“Must Be Satisfactory. — What amount or weight of evidence is sufficient proof of a fraudulent intent is not a matter of legal definition. If the evidence is admissible as conducing in any degree to the proof of the fact, the only legal test applicable to it upon such an issue is its sufficiency to satisfy the mind and conscience and produce a satisfactory conviction or belief. The proof, however, must be *706clear and satisfactory. It must be so strong and cogent as to satisfy a man of sound judgment of the truth of the allegation.” Bump on Fraudulent Conveyances, 584 and 585.

In Missouri it is said: “Fraud may be presumed in equity, but must be proved at law; therefore, courts of equity, it is said, will act upon circumstances as indicating fraud which courts of law would not deem satisfactory proofs; or, in other words, will grant relief upon the ground of fraud established by presumptive evidence, which evidence courts of law would not always deem sufficient to justify a verdict.” (Jackson v. King, 4 Cow. 297; 1 Story Eq. Jur., Secs. 190-3, and cases cited; 3 Greenl. Ev., Sec. 254.) King v. Moon, 42 Mo. 555.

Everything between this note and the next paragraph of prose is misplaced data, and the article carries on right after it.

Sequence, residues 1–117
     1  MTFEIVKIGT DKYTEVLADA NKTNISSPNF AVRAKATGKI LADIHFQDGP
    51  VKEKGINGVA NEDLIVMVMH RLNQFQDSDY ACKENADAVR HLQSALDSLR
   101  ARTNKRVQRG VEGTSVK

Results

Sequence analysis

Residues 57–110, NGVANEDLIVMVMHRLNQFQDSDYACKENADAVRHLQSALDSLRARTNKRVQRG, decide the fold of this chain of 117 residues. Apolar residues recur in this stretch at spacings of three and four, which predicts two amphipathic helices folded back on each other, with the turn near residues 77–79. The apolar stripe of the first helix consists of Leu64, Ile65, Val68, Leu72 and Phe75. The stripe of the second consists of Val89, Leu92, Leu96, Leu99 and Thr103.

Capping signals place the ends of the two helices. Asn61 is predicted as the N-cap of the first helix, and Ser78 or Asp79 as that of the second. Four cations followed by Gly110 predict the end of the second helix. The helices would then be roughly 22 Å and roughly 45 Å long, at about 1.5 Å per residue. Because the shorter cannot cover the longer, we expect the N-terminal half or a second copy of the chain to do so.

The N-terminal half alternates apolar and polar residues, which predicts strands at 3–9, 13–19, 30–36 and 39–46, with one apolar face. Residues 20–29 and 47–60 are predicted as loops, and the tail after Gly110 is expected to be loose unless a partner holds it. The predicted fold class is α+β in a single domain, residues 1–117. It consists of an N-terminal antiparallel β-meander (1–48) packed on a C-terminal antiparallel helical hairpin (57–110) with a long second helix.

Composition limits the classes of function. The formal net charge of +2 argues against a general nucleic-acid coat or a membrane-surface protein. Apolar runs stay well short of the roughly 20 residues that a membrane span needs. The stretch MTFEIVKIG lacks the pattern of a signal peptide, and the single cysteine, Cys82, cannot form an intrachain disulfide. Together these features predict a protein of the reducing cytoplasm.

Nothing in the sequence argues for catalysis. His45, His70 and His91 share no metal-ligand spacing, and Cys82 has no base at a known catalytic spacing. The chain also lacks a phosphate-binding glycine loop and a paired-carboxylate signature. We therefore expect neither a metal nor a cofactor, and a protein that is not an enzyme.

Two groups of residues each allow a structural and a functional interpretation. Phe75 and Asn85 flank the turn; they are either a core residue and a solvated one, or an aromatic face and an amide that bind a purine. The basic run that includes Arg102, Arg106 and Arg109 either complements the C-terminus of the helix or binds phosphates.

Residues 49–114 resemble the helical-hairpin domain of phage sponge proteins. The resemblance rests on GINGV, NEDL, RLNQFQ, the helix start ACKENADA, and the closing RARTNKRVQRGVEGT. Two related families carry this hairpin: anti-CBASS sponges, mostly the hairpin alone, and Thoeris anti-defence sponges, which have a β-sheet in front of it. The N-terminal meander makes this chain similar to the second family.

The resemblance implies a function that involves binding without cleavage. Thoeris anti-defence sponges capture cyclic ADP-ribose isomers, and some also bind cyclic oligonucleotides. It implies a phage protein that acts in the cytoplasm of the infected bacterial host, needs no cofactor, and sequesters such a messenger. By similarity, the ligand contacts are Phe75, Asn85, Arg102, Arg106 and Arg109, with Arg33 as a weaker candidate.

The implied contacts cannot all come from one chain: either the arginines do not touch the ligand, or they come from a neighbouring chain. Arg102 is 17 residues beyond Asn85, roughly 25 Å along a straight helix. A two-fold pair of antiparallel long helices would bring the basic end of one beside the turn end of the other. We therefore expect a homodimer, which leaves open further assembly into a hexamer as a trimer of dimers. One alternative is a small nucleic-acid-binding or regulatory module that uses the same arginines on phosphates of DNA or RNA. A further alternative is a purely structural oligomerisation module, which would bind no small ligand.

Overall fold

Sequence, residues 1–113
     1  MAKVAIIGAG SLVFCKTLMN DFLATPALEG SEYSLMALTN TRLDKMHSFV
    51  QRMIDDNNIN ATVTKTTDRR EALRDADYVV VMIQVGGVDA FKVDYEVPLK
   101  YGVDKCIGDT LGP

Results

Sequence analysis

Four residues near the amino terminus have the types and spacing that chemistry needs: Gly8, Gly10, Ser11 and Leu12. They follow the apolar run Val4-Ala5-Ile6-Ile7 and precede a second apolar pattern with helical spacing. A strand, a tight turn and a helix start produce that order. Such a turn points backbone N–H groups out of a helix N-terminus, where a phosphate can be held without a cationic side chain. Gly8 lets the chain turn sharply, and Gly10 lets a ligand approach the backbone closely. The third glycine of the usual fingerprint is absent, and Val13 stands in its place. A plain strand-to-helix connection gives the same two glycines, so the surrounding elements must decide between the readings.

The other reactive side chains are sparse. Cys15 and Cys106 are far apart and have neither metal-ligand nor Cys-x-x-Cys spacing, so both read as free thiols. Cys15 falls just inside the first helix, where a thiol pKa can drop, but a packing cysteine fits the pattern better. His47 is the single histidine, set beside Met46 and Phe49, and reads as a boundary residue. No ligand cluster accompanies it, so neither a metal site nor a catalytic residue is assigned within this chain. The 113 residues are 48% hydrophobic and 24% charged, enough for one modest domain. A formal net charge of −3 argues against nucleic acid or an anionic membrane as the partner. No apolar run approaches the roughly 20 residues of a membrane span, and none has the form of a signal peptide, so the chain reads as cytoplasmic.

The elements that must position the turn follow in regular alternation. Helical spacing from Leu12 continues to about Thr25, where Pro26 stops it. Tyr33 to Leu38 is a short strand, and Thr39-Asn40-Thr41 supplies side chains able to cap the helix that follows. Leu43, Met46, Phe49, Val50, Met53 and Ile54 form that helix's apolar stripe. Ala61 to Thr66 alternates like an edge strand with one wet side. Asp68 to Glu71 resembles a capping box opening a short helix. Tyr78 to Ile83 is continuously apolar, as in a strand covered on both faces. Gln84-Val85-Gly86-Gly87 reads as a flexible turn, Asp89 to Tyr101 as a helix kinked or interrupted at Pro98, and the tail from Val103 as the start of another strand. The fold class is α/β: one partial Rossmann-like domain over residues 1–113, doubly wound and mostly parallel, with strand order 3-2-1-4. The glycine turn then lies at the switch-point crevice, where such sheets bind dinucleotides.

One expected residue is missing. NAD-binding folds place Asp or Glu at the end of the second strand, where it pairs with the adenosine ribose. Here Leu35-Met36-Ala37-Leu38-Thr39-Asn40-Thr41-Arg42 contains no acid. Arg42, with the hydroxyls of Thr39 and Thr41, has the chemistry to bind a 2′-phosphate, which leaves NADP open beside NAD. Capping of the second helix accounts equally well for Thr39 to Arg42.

3. Our own court as well as the Supreme Court of Missouri have decided that intent is necessary under that section authorizing an attachment when the defendant is “about fraudulently to convey, &c.” This is also in the affidavit -in this case. The same reasoning as to intent also applies to the clause charging that the fraudulent act has been done. Torlina v. Trolicht, 5 N. M. 148; citing; Spencer v. Deagle, 34 Mo. 455; Murray v. Carson, 15 Mo. 379; Gates v. Lebannon, 19 Mo. 17; Dougherty v. Cooper, 77 Mo. 529.

4. The court was not required to submit the case to the jury upon a mere scintilla of evidence. It was the plaintiff’s duty to make out a case by satisfactory evidence. See Bump on Fraudulent Conveyances, supra.; Thompson on Trials, Secs. 2242, 2243 and 2245; Harris v. Wood, 9 Mo. 1x3; Boland v. Mo. R. R. Co., 36 Mo. 484; Callahan v. Warnei-, 40 Mo. 131; Charles v. Patch, 87 Mo. 450; Alexander v. Harrison, 38 Mo. 258.

This doctrine applies to cases involving intent, .more strongly where the evidence does not show it, and the burden is on the party alleging, than to any other class of cases.